COLUMBUS, Ohio - Ohioans who rent apartments and condominiums pay markups for utilities between 5 percent and 40 percent when their landlords sign contracts with some third-party companies that make big profits from reselling electricity and water, a newspaper investigation has found.
The companies are unregulated, and if customers are unable or refuse to pay, and can resort to collection tactics that are illegal for regulated utilities, such as shutting off the heat in winter and even eviction.
Yet no state agency has the authority to respond. That would require action by the Ohio Legislature, Attorney General Mike DeWine told The Columbus Dispatch ( http://bit.ly/179ACyM ) in response to the newspaper's findings.
"It seems to be a problem when you have a small minority of consumers who do not have those protections," DeWine said. "That, to me, would raise a lot of questions."
After a 10-month investigation, the newspaper found that up to 20,000 housing units in the Columbus area alone are affected and can pay markups of anywhere between 5 percent and 40 percent. The unregulated utilities also have the potential to affect up to 3 million Ohioans who live in apartments or condos, the newspaper found.
Here's how it works: A submeter company buys the utility meters and distribution system within an apartment complex. It then buys electricity or water, or both, from utilities and sells them to tenants, often at inflated prices and with fees.
Sometimes, the submeter companies are owned by principal owners of apartment complexes.
Complains and questions about such companies are on the rise, with 5,137 inquiries to the Central Ohio Better Business Bureau since October last year. That's up 33 percent from the year before.
Complaints commonly are about high bills and unresponsive customer service, said Joan Coughlin, a vice president in the office.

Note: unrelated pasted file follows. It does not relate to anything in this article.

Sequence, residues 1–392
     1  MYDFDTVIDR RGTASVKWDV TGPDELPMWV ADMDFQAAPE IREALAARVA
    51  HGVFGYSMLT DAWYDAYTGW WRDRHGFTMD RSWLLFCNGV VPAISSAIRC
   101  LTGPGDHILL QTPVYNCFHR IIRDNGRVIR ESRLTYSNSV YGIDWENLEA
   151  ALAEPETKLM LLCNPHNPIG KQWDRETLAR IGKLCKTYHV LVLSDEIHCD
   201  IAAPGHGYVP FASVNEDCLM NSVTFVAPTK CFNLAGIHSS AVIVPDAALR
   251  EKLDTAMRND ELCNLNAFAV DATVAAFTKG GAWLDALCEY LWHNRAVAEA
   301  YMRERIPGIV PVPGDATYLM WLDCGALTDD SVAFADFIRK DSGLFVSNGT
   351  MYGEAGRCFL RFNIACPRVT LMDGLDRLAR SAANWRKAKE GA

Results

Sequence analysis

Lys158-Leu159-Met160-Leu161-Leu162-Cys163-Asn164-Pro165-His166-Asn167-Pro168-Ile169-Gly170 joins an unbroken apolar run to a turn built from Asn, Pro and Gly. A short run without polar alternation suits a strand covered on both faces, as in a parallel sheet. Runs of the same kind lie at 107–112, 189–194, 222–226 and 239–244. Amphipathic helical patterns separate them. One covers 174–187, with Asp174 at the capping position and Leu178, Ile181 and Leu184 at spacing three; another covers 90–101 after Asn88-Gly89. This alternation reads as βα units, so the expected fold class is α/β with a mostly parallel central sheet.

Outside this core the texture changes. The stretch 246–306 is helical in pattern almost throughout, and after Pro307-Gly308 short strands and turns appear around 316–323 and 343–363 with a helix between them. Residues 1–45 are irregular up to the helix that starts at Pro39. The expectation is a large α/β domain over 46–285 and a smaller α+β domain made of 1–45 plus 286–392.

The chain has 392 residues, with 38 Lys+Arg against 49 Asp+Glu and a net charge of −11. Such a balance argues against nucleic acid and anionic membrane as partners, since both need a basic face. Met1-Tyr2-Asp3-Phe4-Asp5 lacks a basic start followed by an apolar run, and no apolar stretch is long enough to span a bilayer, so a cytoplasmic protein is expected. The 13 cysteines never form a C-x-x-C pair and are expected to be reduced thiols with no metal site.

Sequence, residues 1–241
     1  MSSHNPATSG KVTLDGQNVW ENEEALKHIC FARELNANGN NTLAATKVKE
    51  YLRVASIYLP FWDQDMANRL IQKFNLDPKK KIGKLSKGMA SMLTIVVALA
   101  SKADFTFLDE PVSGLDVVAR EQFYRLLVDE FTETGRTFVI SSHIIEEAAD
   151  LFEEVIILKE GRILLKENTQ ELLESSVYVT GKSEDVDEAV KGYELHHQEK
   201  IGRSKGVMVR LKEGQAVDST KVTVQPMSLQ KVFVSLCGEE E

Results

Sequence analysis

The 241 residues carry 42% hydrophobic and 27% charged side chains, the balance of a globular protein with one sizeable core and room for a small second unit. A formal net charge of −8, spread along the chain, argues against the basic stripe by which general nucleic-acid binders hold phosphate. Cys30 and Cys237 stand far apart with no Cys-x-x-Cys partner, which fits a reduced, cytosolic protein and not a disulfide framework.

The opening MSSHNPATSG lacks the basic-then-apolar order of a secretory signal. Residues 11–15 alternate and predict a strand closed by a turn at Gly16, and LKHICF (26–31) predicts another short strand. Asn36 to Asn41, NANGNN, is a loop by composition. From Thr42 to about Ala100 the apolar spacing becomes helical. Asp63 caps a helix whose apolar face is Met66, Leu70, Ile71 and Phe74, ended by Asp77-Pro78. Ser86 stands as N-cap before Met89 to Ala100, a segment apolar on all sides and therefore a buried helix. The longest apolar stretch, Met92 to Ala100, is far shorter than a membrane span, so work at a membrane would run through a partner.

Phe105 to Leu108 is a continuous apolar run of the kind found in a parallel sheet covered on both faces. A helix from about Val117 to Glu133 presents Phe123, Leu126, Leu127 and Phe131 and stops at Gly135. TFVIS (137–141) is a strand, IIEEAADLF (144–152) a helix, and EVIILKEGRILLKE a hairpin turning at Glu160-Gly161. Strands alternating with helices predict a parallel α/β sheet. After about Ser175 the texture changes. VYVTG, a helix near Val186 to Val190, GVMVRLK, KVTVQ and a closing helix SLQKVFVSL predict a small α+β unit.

"We had consumers state that they moved from a larger residence to a smaller apartment and had their utility costs increase," she said.
Many other states, utility resale is banned. States that allow it like Ohio include Pennsylvania, Alabama, Georgia, South Carolina, Kansas, Utah and Washington.
"Allowing markups for submetering is just bad policy," said Janine Migden-Ostrander, the former Ohio Consumers' Counsel who is now a principal at the Regulatory Assistance Project, a national nonprofit group that advises regulators on utility policy. "They aren't providing the customer with any real service that they wouldn't otherwise get from the utility company. There is no value added for the customer."
Bill Finissi, vice president of the central Ohio submeter company American Power & Light, said in an email that all tenants "enter into agreements with our company with eyes wide open and with full knowledge of the leasing contract provisions."
He said costs to customers also include a share of common-area electronic usage, such as hallways, and a charge for submetering and administration.
"This is our business model which prospective tenants have complete freedom to accept or not," he said. "By the way, if we didn't do it this way, these extra costs, which are essential costs of providing apartment housing, would need to be included in the rent."
Consumer advocates say they would prefer that such charges were included in rent to make it easier for tenants to see the true costs when they shop for housing, as opposed to being surprised by high utility bills.
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